Wandering the streets aimlessly, precariously close to oncoming traffic, the frightened white Spaniel mix was successfully coaxed to the safety of a good samaritan’s car using with her own dog’s treats. Clearly relieved to be inside, the dog sat quietly in her back seat. She wondered if she should have left him to find his way home, but when she noticed the white film covering his eyes, she realized he was totally blind, and she knew she had done the right thing. She spent two weeks posting and networking to try to find his owner. No one came forward.
So she called Animal Refugee Response, and after more outreach efforts were exhausted, the dog made the two and a half hour car ride to our facility. He was quite thin, clearly a senior, and obviously had been someone’s pet. But how and why he became separated remains a mystery. We named him Apollo. His vet visit revealed terrible teeth that had to be treated right away. But most surprising, it turned out that there was a chance that his blindness could be corrected! Apollo was referred to an animal eye specialist.
Many blind dogs have stayed with us over the years, and for most, blindness was something they were able to take in stride, but for Apollo it was very frustrating. So, we were very excited when the eye specialist told us he was in fact a candidate for corrective surgery. After a month of eye medications, the day of the delicate surgery finally came and we all held our breath. When Apollo was ready to go home, he emerged from the hospital with a huge cone. The vet tech led him over to us, and the dog who only knew us by smell, by touch, and by the sound of our voices gazed at our faces for the first time. Everything was still in that moment, and then he wagged his tail.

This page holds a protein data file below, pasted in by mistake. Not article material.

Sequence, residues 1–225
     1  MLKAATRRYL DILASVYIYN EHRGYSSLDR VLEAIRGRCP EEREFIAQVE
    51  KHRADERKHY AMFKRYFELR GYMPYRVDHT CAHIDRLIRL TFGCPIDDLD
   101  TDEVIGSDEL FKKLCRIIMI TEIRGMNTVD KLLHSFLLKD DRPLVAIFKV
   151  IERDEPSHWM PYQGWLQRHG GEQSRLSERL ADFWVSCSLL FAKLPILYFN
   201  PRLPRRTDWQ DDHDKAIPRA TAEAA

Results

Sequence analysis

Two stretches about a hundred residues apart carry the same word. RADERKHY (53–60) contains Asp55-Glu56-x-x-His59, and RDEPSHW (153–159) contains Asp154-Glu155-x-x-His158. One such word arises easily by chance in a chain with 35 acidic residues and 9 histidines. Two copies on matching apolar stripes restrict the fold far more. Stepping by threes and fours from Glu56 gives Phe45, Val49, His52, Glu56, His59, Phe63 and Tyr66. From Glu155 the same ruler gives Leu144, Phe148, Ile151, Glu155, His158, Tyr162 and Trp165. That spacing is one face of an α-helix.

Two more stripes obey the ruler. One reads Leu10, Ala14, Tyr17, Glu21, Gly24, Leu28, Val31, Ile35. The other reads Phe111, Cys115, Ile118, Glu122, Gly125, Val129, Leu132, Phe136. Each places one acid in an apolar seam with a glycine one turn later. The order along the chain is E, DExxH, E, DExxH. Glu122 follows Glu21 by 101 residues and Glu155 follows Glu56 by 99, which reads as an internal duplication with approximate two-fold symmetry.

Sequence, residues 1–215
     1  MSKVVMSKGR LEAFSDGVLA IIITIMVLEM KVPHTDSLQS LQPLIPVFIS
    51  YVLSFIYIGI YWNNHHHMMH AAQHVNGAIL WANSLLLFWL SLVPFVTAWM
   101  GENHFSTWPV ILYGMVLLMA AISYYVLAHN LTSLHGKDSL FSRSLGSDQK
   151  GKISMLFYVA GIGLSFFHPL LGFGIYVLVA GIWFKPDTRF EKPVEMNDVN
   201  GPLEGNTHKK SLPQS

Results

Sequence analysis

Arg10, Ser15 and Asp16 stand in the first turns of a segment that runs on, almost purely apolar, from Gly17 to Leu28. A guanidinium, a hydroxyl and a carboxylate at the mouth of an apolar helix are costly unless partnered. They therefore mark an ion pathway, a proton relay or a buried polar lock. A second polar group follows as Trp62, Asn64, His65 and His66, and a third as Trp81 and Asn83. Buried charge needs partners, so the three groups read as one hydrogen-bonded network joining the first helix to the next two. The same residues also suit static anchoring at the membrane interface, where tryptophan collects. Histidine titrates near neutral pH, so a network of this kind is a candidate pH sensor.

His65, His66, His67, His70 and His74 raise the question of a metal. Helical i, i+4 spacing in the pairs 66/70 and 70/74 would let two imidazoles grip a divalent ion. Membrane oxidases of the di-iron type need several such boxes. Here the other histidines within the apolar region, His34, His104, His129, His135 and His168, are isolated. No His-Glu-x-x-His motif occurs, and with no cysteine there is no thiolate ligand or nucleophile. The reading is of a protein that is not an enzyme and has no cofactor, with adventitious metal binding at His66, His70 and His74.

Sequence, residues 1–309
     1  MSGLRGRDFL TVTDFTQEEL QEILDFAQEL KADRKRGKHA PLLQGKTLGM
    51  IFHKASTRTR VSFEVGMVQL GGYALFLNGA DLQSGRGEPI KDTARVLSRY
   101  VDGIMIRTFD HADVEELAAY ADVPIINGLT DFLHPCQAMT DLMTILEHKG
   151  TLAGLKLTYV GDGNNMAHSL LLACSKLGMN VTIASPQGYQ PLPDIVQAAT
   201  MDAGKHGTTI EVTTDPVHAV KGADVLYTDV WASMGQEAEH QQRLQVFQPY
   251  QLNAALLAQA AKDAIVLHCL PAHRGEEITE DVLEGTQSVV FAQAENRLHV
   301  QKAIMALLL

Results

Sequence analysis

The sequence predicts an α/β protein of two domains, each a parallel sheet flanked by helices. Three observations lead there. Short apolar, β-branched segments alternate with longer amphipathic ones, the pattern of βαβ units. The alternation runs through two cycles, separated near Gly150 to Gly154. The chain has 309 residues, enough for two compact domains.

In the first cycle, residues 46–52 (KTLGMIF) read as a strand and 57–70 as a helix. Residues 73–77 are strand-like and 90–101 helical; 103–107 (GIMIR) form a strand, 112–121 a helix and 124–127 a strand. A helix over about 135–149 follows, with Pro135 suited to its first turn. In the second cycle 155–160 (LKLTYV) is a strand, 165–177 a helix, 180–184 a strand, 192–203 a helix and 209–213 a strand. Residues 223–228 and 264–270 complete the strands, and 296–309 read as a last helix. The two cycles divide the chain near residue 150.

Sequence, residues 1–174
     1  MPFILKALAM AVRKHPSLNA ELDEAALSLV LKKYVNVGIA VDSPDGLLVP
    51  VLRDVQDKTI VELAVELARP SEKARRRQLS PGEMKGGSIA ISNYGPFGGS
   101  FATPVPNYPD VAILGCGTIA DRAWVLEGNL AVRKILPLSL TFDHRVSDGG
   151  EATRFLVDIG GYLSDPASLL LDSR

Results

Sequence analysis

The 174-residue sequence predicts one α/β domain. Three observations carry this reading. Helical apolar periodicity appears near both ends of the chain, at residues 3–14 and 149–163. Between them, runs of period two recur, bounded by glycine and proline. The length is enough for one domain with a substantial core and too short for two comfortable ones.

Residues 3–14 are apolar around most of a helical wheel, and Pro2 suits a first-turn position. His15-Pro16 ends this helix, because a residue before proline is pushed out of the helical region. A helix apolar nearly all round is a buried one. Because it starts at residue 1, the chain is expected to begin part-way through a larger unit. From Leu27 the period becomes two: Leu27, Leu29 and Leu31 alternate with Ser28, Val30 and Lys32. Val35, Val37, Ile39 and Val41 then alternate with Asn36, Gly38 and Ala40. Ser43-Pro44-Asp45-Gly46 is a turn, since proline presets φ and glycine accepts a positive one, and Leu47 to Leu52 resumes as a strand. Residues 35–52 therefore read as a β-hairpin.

The next day, we ventured outside and Apollo drank in the expanse of the world he could only remember. Over the next weeks, he spent his days rediscovering his world through sight. Now, Apollo looks forward to the wonders of what each day will bring.